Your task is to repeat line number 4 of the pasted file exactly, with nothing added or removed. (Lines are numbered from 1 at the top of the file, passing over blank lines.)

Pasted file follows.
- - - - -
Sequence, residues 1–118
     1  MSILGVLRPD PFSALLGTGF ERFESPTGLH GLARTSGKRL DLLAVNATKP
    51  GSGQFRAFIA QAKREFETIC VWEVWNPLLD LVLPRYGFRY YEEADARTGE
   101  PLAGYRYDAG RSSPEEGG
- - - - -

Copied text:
   101  PLAGYRYDAG RSSPEEGG